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Concerts planned at fairgrounds, booths downtown and static exhibits online

CENTRAL OREGONIAN - Concerts will be held at the Crook County Fairgrounds Wednesday through Saturday. The concerts held Thursday through Saturday will be free, but tickets are required to keep crowds within COVID-related guidelines. Countryfied (above) will perform Saturday evening.

There is little evidence of it beyond the animal barns at the Crook County Fairgrounds, but the 2020 fair has already begun.

Because of the 100-person public gathering limitation associated with the COVID-19 pandemic, fair leaders opted to start the livestock showing portion of the fair on Sunday instead of Wednesday. It will conclude on Friday.

"We had to stretch it out," said Fairgrounds Manager Casey Daly.

Livestock showing will be livestreamed on the Crook County 4-H Facebook page.

The livestock sale will take place on Saturday at the fairgrounds, but the event will be invitation only so that COVID-related head count maximums are not exceeded. For those who cannot attend but want to participate, the sale will be livestreamed on auctions.net.

Though the livestock showing has already begun, the majority of the fair's events will begin on the traditional Wednesday start day or later in the week. While that is the case, they will differ in a variety of ways. For example, instead of a barbecue, the fundraiser for the Greg Merritt Scholarship program will be a concert. The Wednesday night show, taking place at the fairgrounds, will feature the Doo Wahs Riders. Limited tickets can be purchased at the fairgrounds office.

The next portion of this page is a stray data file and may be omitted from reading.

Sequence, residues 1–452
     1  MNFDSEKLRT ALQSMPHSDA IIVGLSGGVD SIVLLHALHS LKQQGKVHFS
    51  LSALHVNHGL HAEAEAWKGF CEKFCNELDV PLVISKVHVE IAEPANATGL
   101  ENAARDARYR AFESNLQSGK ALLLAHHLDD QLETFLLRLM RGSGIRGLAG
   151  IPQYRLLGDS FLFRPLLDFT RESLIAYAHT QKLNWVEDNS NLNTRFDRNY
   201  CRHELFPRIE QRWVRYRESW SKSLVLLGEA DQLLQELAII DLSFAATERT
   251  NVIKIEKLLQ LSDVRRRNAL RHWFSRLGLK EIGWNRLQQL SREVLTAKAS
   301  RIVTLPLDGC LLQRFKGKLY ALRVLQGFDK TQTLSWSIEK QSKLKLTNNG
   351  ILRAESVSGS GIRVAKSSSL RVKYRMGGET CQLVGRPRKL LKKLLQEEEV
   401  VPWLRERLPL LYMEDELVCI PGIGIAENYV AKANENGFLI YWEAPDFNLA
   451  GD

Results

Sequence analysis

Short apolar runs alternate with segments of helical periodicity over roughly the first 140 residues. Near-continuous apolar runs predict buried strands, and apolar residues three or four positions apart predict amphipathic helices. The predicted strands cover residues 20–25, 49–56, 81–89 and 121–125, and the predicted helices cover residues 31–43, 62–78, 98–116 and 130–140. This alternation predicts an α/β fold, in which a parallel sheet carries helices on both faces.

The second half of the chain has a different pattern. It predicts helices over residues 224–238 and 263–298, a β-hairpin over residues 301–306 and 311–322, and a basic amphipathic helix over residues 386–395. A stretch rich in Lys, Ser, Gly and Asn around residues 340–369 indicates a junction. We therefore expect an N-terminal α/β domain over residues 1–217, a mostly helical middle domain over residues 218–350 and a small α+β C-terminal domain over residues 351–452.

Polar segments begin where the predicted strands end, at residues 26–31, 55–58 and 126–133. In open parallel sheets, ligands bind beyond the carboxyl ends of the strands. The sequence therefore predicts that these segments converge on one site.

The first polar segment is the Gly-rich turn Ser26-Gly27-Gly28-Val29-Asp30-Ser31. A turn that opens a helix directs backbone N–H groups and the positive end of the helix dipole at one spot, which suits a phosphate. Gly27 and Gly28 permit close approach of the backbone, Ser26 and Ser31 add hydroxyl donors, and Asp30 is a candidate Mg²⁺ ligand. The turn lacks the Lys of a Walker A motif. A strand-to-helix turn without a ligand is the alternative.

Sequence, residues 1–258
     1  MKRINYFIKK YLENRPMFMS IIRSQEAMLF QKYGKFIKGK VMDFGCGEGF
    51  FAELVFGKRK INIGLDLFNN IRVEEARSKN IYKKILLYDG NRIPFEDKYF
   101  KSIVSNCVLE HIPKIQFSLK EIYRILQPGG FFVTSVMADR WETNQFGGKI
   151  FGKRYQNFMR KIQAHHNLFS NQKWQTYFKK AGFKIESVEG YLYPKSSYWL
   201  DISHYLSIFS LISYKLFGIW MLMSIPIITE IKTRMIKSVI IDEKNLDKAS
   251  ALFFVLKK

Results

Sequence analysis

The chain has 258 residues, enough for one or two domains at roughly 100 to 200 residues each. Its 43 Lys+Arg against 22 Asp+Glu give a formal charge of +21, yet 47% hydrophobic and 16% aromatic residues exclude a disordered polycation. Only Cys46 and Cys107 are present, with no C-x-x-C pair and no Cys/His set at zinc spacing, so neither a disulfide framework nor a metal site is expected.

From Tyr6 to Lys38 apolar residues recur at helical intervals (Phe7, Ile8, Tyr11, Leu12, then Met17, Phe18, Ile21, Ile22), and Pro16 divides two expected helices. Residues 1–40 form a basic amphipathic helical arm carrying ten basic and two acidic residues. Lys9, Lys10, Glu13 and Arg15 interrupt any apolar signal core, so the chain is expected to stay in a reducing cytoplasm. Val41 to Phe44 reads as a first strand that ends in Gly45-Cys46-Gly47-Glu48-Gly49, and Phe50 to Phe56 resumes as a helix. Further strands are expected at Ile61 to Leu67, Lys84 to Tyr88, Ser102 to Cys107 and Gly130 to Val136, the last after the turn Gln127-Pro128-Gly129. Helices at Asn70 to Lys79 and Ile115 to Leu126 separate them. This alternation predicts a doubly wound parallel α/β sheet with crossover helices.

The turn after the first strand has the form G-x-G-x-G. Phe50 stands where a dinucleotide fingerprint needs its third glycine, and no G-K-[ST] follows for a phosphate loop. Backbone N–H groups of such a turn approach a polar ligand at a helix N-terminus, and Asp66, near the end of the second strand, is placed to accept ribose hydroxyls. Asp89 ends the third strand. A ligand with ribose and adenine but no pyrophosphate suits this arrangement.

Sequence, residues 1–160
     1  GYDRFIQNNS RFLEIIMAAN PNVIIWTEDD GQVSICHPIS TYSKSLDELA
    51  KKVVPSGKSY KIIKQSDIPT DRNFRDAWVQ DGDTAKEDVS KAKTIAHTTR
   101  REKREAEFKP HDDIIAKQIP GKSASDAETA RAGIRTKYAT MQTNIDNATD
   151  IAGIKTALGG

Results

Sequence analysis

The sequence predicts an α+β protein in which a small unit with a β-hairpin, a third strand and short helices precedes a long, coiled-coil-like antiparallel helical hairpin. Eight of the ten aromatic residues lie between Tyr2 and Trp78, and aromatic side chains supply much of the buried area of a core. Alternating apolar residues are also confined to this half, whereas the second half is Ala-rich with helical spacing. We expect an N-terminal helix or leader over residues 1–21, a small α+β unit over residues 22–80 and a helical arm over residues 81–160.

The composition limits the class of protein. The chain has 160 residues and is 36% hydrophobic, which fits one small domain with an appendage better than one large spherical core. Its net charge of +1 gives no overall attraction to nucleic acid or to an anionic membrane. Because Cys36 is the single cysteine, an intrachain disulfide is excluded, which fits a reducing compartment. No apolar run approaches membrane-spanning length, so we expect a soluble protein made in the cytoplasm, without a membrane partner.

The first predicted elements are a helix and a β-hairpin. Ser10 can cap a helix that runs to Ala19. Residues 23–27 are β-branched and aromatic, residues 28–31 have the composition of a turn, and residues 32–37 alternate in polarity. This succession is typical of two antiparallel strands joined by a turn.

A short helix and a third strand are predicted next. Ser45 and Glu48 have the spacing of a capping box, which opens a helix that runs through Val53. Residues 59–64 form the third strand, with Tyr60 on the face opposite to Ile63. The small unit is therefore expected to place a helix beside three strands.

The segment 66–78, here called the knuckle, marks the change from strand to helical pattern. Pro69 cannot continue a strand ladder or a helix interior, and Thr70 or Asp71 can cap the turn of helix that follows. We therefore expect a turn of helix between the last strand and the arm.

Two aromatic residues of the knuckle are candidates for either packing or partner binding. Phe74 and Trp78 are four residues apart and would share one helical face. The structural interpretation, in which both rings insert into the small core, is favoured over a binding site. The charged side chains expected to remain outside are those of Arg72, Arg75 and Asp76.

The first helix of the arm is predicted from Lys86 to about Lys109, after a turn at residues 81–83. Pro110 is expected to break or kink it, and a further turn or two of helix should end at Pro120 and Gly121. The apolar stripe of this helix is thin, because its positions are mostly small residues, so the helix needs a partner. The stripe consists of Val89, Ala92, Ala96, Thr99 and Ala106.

Other musical act will perform subsequent free concerts at the fairgrounds on Thursday, Friday and Saturday evening. Court Priday & The Lord Wally Band is planned for Thursday, The Jessie Leigh Band will take the stage Friday and Countryfied will perform Saturday.

People attending the concerts will have to get tickets because seating is again limited by pandemic-related regulations. Tickets are available at the Prineville-Crook County Chamber of Commerce office, and Daly said tickets have been dispersed throughout the business community.

Static exhibits, other than those that must be tasted or touched, will be shown and judged virtually this year. Entrants were invited to take pictures of their exhibits, and those photos will be viewed by judges and the public. A link to the pictures can be found on the Crook County Fairgrounds website.

Other fair events will take place in downtown Prineville. Thursday through Saturday, from noon to 6 p.m., people can use a walking map to visit such educational displays as Wildlife Wendy and Puzzlemania.

"It shows the way we would like you to walk through exhibits so we can keep people all going in the same direction," Daly said.

The map, which will be available at an information booth downtown, also offers a schedule of free performances planned at the Pioneer Park stage. The Talent Showcase, a juggler and different dance troupes will take the stage at different times throughout the three-day span.

"We are encouraging everyone to bring a lawn chair," Daly said. "There will be some 12-foot hoops laid out on the lawn that will keep people social-distanced."

Also, while fairgoers wander the map route, they can stop by some listed local businesses that are offering fair specials.

As people enjoy the fair this year, event leaders are encouraging them to follow state guidelines and prevent spread of the coronavirus. Signage will be placed throughout fair locations and hand sanitizer and hand-washing stations will be provided in multiple locations.

"We have worked very hard to put this together and make it happen," Daly said.


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